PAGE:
The study was approved by the Research Ethics Committee of Daping Hospital, Army Medical University (Chongqing, China) and obtained the written informed consent from the patient for the use of medical records associated with related images. The clinical samples and images were provided by the Department of Pathology and Medical Imaging. All methods were performed in accordance with the relevant guidelines and regulations. Legal guardian of the patient has signed informed consent for publication of identifying information in an online open-access publication.

Clinical data

Case presentation

First onset

A 19-years-old female was first found with occupation about 6.2 cm × 5.7 cm in the right adrenal five years ago based on CT scan at a regular physical examination, accompanied with fever and headache with high blood pressure. Tumor resection was performed, and pathological diagnosis was right pheochromocytoma. The patient was regularly subjected to follow-up.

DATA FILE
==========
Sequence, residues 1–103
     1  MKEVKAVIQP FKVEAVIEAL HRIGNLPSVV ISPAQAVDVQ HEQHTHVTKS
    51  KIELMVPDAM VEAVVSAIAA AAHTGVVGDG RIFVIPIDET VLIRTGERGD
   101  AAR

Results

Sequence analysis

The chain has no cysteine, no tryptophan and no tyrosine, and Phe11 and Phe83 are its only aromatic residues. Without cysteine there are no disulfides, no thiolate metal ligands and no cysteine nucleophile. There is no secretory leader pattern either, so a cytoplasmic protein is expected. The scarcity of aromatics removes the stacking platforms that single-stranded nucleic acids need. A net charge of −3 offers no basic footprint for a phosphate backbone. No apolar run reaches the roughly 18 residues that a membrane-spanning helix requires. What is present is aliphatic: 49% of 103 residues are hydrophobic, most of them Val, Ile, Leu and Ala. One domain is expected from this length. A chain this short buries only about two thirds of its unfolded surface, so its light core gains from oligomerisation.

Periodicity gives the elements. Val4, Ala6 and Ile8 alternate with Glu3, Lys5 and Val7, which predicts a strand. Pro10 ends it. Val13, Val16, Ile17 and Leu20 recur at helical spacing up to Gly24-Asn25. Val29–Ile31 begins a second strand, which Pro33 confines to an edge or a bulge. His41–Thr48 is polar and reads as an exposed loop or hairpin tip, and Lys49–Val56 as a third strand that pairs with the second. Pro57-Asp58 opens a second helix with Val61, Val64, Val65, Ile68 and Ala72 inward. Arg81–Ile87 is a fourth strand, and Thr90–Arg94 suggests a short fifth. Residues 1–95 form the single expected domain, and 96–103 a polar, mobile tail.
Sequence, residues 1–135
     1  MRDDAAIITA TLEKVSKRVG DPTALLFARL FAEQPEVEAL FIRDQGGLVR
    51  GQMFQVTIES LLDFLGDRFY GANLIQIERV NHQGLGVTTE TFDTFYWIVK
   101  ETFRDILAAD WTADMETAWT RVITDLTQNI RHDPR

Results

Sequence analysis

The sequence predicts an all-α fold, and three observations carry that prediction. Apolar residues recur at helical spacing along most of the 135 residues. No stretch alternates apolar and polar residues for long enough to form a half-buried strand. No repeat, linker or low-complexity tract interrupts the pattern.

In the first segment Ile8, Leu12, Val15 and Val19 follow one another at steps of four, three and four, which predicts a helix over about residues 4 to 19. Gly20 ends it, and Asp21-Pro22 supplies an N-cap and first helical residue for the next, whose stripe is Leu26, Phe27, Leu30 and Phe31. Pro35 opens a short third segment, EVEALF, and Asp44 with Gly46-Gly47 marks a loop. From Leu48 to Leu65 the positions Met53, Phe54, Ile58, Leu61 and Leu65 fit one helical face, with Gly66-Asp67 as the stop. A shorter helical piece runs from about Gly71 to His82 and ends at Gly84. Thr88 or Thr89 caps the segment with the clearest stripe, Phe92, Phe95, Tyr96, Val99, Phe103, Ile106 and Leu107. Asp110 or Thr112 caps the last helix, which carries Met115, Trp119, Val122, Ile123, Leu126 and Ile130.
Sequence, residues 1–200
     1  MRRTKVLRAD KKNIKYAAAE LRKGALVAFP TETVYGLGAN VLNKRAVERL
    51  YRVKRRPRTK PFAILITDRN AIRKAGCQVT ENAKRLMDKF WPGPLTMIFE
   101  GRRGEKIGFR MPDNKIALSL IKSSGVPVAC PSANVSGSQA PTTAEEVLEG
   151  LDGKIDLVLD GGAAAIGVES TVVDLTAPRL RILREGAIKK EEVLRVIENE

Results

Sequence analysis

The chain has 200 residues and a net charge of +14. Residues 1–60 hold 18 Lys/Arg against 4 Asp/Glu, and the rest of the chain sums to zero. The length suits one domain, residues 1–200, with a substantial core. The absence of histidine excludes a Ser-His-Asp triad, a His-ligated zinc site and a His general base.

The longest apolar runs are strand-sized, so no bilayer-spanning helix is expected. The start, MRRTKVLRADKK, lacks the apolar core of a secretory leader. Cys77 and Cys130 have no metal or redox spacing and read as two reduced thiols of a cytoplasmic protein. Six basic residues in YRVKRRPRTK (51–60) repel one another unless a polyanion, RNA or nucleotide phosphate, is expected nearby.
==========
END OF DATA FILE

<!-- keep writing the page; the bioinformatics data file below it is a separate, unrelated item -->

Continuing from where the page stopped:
Secondary onset

During this hospitalization, CT scan found multiple tumor occupation in left adrenal and paraganglion region zones with round nodular shadows. Meanwhile, she had fever and headache with high blood pressure. Based on medical history and examination, she was diagnosed as left pheochromocytoma. Meanwhile, the occupying lesions in right lung and pancreas were found, located in extrabasal segment of inferior lobar and head respectively.

Case characteristics